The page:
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May 6, 2015
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WWE Superstar Seth Rollins strutted out from behind a Jumbotron playing his highlight reel and into controlled bedlam.

Through blinding flashing lights, the screams of more than 5,500 people muffled both a drum solo throbbing from the loud speakers and the announcer’s attempts to declare that Rollins hails “from Davenport, Iowa.”

But the audience at the Quad Cities’ iWireless Center knew where Rollins is from…because it’s where they’re from, too.

Countless handwritten signs read, “Welcome Home, Seth!” while an especially bright one sparkled, “Will you go to prom with me, Seth?”

Standing in the ring, his chest bare and his wet hair hanging below his shoulders, Rollins, 28, snarled like Mick Jagger as he held up the World Heavyweight Championship title, a big gold belt won at WrestleMania, WWE’s marquee event.

He’s the only Iowan to ever win that title.

For Rollins, who grew up in Davenport, this was a heavyweight homecoming.

The Davenport West grad fell in love with wrestling during a show at the Wharton Field House, just two miles from the ring he stood in. He’d honed his skills scrapping with his brother and scraping by in the local independent wrestling scene. Now, he’s the champ, and this was the first time he’d taken a Quad Cities’ stage since winning the title.

“It will be emotional,” Rollins said as he sipped coffee earlier in the day. “This is my place. I’ve lived here my whole life basically, and my family is here, and now I get to walk in as the WWE Heavyweight Champion. It’ll be different than any other (performance).”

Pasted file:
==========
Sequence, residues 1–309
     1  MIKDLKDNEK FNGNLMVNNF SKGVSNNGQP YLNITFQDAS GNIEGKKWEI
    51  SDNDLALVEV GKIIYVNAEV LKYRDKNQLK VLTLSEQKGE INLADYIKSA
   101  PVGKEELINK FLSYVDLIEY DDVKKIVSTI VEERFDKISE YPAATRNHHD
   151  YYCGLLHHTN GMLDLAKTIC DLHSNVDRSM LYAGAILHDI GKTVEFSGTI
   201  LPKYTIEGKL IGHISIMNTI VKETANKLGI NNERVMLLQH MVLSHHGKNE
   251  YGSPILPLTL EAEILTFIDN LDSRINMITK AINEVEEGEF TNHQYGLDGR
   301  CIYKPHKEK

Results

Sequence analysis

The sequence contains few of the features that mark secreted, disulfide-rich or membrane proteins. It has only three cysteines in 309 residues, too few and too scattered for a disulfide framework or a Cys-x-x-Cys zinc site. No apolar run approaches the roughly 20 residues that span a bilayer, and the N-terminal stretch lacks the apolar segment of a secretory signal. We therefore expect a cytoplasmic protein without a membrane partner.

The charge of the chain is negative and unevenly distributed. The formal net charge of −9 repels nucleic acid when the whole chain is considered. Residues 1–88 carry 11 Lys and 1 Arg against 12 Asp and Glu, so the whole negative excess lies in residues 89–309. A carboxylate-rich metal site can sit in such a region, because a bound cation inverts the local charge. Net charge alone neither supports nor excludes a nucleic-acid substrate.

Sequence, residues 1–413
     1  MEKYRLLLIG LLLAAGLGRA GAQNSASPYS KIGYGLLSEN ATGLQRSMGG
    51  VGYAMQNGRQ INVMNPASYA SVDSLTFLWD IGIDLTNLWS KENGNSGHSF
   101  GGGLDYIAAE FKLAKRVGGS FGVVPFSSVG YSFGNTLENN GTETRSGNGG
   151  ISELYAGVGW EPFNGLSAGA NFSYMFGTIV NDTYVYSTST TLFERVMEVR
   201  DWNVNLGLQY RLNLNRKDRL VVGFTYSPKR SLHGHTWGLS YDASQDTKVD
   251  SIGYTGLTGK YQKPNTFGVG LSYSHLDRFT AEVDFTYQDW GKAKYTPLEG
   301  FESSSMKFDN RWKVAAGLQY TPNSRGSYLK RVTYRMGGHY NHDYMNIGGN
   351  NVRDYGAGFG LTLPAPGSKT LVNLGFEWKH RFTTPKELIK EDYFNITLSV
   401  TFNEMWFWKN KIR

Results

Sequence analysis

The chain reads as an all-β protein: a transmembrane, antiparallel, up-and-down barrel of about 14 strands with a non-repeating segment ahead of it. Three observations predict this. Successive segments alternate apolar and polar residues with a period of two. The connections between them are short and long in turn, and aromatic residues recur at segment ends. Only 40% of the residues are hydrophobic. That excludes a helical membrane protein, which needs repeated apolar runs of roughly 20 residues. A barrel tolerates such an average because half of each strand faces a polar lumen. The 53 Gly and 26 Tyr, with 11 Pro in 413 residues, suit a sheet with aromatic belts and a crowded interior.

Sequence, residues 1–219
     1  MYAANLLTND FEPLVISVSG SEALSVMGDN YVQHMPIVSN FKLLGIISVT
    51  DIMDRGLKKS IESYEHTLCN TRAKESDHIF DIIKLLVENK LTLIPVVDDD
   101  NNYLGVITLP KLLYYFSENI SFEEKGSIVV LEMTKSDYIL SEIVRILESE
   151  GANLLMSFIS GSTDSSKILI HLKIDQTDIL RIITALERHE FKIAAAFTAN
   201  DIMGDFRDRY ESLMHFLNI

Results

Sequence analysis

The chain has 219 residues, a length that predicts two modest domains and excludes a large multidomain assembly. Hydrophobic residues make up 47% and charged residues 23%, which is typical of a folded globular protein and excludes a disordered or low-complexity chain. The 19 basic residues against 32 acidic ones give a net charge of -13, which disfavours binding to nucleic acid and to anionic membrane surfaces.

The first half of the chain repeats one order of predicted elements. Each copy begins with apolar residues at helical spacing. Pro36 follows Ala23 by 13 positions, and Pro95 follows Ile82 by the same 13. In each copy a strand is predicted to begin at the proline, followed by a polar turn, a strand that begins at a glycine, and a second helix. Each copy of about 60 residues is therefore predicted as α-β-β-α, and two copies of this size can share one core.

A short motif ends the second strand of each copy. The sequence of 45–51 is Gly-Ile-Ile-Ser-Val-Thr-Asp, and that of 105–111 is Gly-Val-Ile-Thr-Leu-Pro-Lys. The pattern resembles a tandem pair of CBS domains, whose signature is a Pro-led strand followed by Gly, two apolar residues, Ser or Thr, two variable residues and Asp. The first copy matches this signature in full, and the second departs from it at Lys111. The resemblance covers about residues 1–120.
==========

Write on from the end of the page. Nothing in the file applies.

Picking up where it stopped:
But being a champion is more than just flash bulbs and champagne. It’s hours at the gym, nights in far-flung hotel rooms, days away from friends and family and months of plotting to stay on top.

The Register spent time with Rollins, whose legal name is Colby Lopez, while he was in the Quad Cities for a taping of WWE’s weekly show “SmackDown,” consistently the top-rated regularly scheduled program on SyFy, according to WWE.

Between hours of media appearances, workouts and preparing for the show, Rollins barely had time to sit down, let alone to answer all the calls, texts and Facebook messages from friends hoping to grab a moment with the champion.

This is a day in the life of Seth Rollins.

6 a.m. — Media Begins

Rollins hadn’t slept. He and a bunch of guys drove straight into town after taping WWE’s Monday-night wrestling program, “Raw,” in Green Bay, Wis. He got to his home in Davenport at 5 a.m., too close to his first appearance to get meaningful rest.

“The joke we always say is that WWE doesn’t pay us to wrestle, they pay us to travel,” Rollins said. “Once you step out (in the ring) and you are doing your thing in front of people and just living in that moment, that is great. I could do that for free for the rest of my life.”

Bouncing from a morning TV show, where they made him do the weather, to what felt like never-ending radio station interviews, Rollins kept up his wit.

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